Parallel Pseudorandom Number Generation Using Additive LaggedFibonacci Recursions
, 1995
"... . We study the suitability of the additive laggedFibonacci pseudorandom number generator for parallel computation. This generator has a relatively short period with respect to the size of its seed. However, the short period is more than made up for with the huge number of fullperiod cycles it cont ..."
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Cited by 19 (4 self)
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. We study the suitability of the additive laggedFibonacci pseudorandom number generator for parallel computation. This generator has a relatively short period with respect to the size of its seed. However, the short period is more than made up for with the huge number of fullperiod cycles it contains. We call these different fullperiod cycles equivalence classes. We show how to enumerate the equivalence classes and how to compute seeds to select a given equivalence class. The use of these equivalence classes gives an explicit parallelization suitable for a fully reproducible asynchronous MIMD implementation. To explore such an implementation we introduce an exponential sum measure of quality for the additive laggedFibonacci generators used in serial or parallel. We then prove the first nontrivial results we are aware of on this measure of quality. 1. Introduction. In Knuth's well known exposition on pseudorandom number generation [5], several methods of generation are considered...
TestU01: A Software Library in ANSI C for Empirical Testing of Random Number Generators
, 2007
"... This document describes the software library TestU01, implemented in the ANSI C language, and offering a collection of utilities for the (empirical) statistical testing of uniform random number generators (RNG). The library implements several types of generators in generic form, as well as many spec ..."
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Cited by 18 (2 self)
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This document describes the software library TestU01, implemented in the ANSI C language, and offering a collection of utilities for the (empirical) statistical testing of uniform random number generators (RNG). The library implements several types of generators in generic form, as well as many specific generators proposed in the literature or found in widelyused software. It provides general implementations of the classical statistical tests for random number generators, as well as several others proposed in the literature, and some original ones. These tests can be applied to the generators predefined in the library and to userdefined generators. Specific tests suites for either sequences of uniform random numbers in [0, 1] or bit sequences are also available. Basic tools for plotting vectors of points produced by generators are provided as well. Additional software permits one to perform systematic studies of the interaction between a specific test and the structure of the point sets produced by a given family of RNGs. That is, for a given kind of test and a given class of RNGs, to determine how large should be the sample size of the test, as a function of the generator’s period length, before the generator starts to fail the test systematically.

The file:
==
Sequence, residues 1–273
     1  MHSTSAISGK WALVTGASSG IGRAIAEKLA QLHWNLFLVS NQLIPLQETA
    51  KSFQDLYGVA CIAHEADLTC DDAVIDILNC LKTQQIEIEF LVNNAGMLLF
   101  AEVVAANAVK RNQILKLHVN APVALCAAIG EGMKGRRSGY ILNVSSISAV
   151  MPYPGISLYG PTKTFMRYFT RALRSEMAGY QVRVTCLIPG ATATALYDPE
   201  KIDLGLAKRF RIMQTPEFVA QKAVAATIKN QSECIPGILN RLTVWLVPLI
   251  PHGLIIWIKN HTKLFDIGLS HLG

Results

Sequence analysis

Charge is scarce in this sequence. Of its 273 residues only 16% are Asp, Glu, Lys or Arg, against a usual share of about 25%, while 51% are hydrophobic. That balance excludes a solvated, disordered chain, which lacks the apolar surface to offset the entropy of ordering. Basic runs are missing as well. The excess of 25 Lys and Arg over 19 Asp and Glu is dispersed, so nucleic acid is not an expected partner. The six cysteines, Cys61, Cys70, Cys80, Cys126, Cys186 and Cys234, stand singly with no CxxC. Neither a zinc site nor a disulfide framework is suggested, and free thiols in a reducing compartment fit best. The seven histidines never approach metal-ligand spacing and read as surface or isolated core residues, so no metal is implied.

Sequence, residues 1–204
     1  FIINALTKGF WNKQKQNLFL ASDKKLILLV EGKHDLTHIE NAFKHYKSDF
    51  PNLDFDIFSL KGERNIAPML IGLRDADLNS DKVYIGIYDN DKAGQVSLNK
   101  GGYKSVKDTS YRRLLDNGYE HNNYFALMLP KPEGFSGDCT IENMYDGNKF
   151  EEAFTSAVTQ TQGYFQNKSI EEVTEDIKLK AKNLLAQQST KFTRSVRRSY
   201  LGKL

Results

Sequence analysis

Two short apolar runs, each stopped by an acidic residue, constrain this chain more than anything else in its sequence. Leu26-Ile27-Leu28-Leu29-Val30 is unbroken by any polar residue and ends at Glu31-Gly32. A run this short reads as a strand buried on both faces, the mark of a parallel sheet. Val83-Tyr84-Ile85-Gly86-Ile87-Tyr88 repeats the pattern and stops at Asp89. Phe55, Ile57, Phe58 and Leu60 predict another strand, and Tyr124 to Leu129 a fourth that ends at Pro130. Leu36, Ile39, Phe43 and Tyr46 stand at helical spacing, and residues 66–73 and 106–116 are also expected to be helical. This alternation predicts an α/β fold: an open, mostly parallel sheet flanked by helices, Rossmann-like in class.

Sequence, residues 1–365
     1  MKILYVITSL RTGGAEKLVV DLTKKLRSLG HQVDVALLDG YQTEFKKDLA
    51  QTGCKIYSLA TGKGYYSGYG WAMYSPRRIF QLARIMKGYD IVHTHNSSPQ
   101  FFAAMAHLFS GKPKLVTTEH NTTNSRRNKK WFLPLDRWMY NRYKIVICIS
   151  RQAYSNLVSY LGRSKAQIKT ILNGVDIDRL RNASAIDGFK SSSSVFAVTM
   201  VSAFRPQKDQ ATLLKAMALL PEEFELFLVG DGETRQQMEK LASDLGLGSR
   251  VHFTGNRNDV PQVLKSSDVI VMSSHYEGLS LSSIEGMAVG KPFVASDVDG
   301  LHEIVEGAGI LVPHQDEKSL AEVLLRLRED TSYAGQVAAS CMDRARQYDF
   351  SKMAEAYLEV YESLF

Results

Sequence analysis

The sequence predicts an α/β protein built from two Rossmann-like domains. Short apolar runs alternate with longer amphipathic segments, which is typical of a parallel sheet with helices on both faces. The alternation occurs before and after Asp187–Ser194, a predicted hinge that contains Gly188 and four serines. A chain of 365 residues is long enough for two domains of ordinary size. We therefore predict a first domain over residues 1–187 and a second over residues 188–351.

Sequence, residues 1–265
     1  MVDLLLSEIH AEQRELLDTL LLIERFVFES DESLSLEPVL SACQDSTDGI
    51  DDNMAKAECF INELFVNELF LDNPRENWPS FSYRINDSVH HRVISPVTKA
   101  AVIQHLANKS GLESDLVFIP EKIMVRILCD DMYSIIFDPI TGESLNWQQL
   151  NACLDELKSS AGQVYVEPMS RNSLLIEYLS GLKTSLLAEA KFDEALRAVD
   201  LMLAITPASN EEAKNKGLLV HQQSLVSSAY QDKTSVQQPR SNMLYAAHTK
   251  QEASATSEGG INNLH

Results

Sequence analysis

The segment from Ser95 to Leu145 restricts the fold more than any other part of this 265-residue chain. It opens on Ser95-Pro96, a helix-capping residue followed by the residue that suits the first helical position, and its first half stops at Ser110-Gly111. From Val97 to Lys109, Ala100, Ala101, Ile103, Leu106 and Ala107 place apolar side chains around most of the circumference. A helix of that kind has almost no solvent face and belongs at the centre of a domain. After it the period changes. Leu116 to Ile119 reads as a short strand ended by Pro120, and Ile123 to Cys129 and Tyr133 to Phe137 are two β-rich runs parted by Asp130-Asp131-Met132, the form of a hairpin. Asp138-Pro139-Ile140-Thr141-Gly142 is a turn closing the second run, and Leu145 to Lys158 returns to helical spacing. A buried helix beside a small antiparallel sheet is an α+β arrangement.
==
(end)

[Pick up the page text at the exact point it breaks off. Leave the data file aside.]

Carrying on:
Random Number Generators for Parallel Applications
 in Monte Carlo Methods in Chemical Physics
, 1998
"... this article is devoted, because these com1 putations require the highest quality of random numbers. The ability to do a multidimensional integral relies on properties of uniformity of ntuples of random numbers and/or the equivalent property that random numbers be uncorrelated. The quality aspect i ..."
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Cited by 17 (7 self)
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this article is devoted, because these com1 putations require the highest quality of random numbers. The ability to do a multidimensional integral relies on properties of uniformity of ntuples of random numbers and/or the equivalent property that random numbers be uncorrelated. The quality aspect in the other uses is normally less important simply because the models are usually not all that precisely specified. The largest uncertainties are typically due more to approximations arising in the formulation of the model than those caused by lack of randomness in the random number generator. In contrast, the first class of applications can require very precise solutions. Increasingly, computers are being used to solve very welldefined but hard mathematical problems. For example, as Dirac [1] observed in 1929, the physical laws necessary for the mathematical theory of a large part of physics and the whole of chemistry are completely known and it is only necessary to find precise methods for solving the equations for complex systems. In the intervening years fast computers and new computational methods have come into existence. In quantum chemistry, physical properties must be calculated to "chemical accuracy" (say 0.001 Rydbergs) to be relevant to physical properties. This often requires a relative accuracy of 10